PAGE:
weekend wines – week 30 2017


2012 Raveneau, Chablis 1er Butteaux
I was lucky enough to drink the 2010 of this at Au Fils Du Zinc. in Chablis, last month, and it was open, ready and fabulous. This wine is also fabulous, but it’s a long-way away from being ‘ready.’ The nose is all rocks and citrus – it’s a great invitation to drink. The palate has a tight minerality but from the end of the mid-palate into the finish it opens out and the flavours hold tenaciously. Not yet delicious, but certainly tasty and rather compelling and moreish too. Super stuff – but wait 3-5 years while drinking the 2010 – if you are so lucky!
Rebuy – Yes

2004 Pierre Bourée, Gevrey-Chambertin 1er Clos St.Jacques
The cork is soaked right through but manages not to break in half – I expect because it slides out so easily – probably best that this bottle was now opened, given this cork. Quite a deep colour, the nose starts with an overt pyrazine, but shaded differently to when young. Slowly but surely there’s a nice, slightly plummy, but still fresh, dark fruit on the nose – it’s an intriguing nose and quite inviting at the same tine. Supple, silky entry, a slowly growing grain of tannin into the mid-palate and finish. That minerally pyrazine note is more forward on the palate than on the nose, making the finish just a little bitter. I couldn’t for a moment describe this as delicious, but am happy to stay with intriguing. Overall, complex, interesting, and I would say starting to drink – certainly it’s a much easier drink now than when it was young!
Rebuy – No

Agree? Disagree? Anything you'd like to add?

There are 4 responses to “weekend wines – week 30 2017”

  1. Lars Simonsen31st July 2017 at 8:45 pmPermalinkReply

    I have two bottles of Bonnes Mares from Pierre Bouree. There is no indication of vintage on the label or anywhere else on the bottle. I wonder whether the vintage will be stamped on the cork? Does someone have an explanation og the missing vintage indication?

    Br Lars Simonsen

    • billn31st July 2017 at 8:50 pmPermalinkReply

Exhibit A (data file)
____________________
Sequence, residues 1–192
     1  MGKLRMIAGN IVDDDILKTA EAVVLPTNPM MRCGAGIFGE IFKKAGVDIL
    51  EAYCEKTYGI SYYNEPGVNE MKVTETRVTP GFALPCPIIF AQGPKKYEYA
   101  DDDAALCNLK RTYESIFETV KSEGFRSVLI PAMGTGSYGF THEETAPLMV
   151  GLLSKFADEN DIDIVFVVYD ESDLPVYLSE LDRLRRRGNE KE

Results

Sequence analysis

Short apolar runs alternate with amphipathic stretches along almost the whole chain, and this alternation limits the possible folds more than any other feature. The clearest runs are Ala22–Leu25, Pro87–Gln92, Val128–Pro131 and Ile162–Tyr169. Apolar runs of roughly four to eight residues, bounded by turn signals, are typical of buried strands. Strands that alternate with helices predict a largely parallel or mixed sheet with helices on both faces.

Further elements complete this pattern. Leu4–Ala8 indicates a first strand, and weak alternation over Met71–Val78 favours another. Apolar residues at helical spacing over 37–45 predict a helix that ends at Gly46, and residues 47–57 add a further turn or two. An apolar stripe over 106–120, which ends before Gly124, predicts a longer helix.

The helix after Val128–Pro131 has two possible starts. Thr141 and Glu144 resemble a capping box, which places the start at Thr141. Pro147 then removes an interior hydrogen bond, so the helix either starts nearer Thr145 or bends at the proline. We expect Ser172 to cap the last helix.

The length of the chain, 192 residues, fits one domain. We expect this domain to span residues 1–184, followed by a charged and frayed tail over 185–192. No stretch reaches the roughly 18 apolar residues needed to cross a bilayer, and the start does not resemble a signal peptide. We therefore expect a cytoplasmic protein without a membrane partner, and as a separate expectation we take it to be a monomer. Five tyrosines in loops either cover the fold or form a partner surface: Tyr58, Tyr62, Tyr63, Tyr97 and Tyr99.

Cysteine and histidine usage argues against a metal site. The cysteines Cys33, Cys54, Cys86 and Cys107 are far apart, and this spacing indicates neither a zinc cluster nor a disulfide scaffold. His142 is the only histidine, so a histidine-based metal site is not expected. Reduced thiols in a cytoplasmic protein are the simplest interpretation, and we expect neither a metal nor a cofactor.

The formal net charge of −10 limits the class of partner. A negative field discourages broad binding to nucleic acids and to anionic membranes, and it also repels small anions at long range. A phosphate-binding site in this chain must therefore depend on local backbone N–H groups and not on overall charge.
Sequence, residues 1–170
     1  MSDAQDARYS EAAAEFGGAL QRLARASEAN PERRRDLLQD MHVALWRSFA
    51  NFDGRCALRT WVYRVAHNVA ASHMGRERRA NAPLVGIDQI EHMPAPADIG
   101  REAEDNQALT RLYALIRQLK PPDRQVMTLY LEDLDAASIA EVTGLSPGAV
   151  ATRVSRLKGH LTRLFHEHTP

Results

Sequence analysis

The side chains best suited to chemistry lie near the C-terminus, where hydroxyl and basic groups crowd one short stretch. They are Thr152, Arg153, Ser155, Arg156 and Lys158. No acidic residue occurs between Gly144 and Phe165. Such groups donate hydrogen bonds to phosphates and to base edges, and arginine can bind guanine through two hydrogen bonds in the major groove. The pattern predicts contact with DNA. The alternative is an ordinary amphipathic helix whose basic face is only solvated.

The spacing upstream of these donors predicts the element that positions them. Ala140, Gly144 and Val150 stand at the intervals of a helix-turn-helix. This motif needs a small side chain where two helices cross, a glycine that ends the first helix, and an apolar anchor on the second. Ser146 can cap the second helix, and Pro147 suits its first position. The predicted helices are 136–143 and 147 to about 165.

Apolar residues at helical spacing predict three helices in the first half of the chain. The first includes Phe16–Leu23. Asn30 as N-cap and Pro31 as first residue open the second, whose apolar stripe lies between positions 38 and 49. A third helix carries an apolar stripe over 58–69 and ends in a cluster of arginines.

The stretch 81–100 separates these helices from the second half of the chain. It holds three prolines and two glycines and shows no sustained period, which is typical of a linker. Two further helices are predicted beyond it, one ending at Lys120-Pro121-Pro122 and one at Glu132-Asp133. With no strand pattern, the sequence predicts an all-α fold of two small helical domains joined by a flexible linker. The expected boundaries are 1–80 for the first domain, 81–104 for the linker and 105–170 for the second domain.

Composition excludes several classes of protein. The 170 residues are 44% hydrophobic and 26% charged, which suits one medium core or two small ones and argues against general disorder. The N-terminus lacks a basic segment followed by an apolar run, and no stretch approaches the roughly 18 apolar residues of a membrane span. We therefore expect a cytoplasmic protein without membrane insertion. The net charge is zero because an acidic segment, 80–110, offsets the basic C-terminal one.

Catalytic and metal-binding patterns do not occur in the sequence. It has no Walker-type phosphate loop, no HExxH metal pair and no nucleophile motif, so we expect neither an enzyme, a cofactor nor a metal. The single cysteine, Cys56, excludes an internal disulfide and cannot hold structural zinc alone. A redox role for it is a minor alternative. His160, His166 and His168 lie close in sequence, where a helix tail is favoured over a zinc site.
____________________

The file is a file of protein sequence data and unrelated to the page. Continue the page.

Vintage is on the neck label – it sounds like you lost yours Lars. My last cork is gone, I don’t remember if it was branded with the vintage…

  2. Lars Simonsen31st July 2017 at 8:57 pmPermalinkReply

    I bought the two bottles on an auction with no neck labels; well that just makes it even more exiting to taste the stuff.

  3. Sycamore6th August 2017 at 4:23 amPermalinkReply

    My experience has been that 90% of Bouree corks are just as Bill described. Tonight I opened a 1999 Volnay 1er in the name of ‘science’. Cork was of course soaked through, and broke cleanly in half. Happily the 2nd half came out with nary a wimper. I pieced it together and gave it an inspection — no vintage imprint. Only an imprint of the crest that also appears towards the top of the label.

    Ps, wine is fantastic — quite open for a 1999 and quintessentially Volnay!

  4. Lars Simonsen6th August 2017 at 9:03 amPermalinkReply

    I opened one bottle of the Bonnes Mares the other night and you are right: No vintage stamped on cork. The cork was not soaked, but fairly fragile and broke into two, but I managed to get it out OK. The colour definitely had a brown shade, but the bouquet was fresh and perfumed, but not overwhelming. Tasting the wine there was again a fine perfume, but not much body and a short after taste with acidity. Getting some oxygen the wine seemed to sweeten a little, so all in all a nice and interesting experience, but not a Grand Cru “wow” experience. I could imagine that it might be a 1988.
    And as Bill would say:

    Rebuy: No

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